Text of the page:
The divine Miss M

Big things come in small packages

Big things come in small packages

I LOVE how easily little children fall in love with things; their joy in new experiences and people.

This is especially true of my intense seven-year-old Amelia who hasn’t yet learned to play her emotional cards close to her chest.

She crushes hard on her toys, on newly-met kids in the park and writes passionate letters (and emails and text messages) to her teacher: “Miss S, I love you so much.”

Our home is littered with tender notes left on side tables, Valentines slipped quietly into pockets and drawers.

Then, there is M, our 16-year-old neighbour. A gentle, dark-haired girl who waves to us in the garden and once picked a red flower, passing it to Amelia over the short fence that separates our houses.

A rose by any other teenage girl would not smell nearly as sweet. And with that flower she did win Amelia’s sweet heart. Like, forever.

A few weeks ago, I found Amelia outside, pressed up against the fence, calling M’s name into the cooling night air. “M! Where are you?” There was a note of shyness in her voice, but there was hope too. Lots of hope.

Before I could wrangle her back inside, M suddenly appeared. She said, “I thought I heard you calling me! Let’s play a game.” And over our little fence, M joined hands with Amelia and showed her how to wrestle thumbs. They chatted and laughed together before parting ways.

It was a fleeting interaction, but it meant so much to Amelia. It solidified something growing steadily inside her. That longed for connection with another human being – friendship. She has so much love to give but not always the facility to show it or receive it.

Soon after, Amelia drew a special picture for her new buddy M. She spent a long time on it and together we put it into a special envelope covered in stickers and hearts. I said, “Should we go and give it to her now?” Um, is the Pope a Catholic?

M wasn’t home, so we left the letter in the safe hands of her younger brother. I forgot about it until the next day after Amelia went to school. I checked the letter box for the daily mail and instead found a small gift box and card inside.

It was addressed to Amelia, from M. I carefully took it out and held it in my hands, as though it was fragile, precious. And it was. I’d been worried Amelia’s intensity might be annoying to our teenage neighbour, but I was so, so wrong.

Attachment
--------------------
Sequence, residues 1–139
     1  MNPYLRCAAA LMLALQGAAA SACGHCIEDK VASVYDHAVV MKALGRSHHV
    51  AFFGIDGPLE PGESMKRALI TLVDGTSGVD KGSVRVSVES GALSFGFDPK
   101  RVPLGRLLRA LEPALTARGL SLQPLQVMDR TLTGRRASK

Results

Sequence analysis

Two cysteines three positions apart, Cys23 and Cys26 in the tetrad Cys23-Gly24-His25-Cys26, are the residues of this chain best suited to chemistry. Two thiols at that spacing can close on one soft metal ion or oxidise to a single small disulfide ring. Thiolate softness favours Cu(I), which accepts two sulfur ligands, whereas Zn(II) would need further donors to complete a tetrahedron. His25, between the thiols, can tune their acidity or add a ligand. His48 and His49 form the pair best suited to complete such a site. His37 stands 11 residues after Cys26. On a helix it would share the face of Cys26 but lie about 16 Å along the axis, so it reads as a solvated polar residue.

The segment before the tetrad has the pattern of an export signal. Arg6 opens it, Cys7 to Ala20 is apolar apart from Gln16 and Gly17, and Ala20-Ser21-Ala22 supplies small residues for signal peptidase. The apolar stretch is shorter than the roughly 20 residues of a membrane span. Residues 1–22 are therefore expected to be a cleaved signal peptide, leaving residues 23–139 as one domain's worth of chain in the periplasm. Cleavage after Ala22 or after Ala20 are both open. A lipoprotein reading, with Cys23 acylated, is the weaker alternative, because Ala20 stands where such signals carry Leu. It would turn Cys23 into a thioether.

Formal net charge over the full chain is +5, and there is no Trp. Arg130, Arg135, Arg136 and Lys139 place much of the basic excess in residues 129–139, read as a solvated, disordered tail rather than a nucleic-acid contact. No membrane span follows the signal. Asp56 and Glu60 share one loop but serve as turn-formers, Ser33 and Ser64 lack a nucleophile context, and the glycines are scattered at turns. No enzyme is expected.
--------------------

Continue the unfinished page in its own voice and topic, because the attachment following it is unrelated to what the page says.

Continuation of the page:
I put the gift inside, ready for its lucky recipient to return home. You’d be forgiven for thinking the present was for me, the way I paced around waiting for the school bus to arrive in our street, desperate to see its secret contents revealed.

FullSizeRender-1Amelia finally came home and I greeted her with the news falling urgently from my lips, “Baby, M left you a present, it’s inside!”

Her eyes widened in disbelief. “M? For me?”

“Yes, for you! Let’s go!”

We ran together into the house, jostling to reach the little box veritably pulsing with life on the kitchen bench. The card contained a beautifully penned thank you note from M. Amelia’s picture had made her day, so here was something in return. Just for her.

Inside the box was a silver chain with a pretty circular pendant depicting a tree. A thing that grows. Like the friendship between a loving deaf, autistic girl and her sweet teenage neighbour.

They are separated by nearly ten years of age and the small fence that separates our houses. M doesn’t always understand what Amelia is trying to say, and my little one misses plenty of sounds and what they mean.

But these things are not barriers; the distance between Amelia and M is remarkably short. When they touch hands and laugh and send each other letters they are just two girls reaching out to each other and finding a friend.

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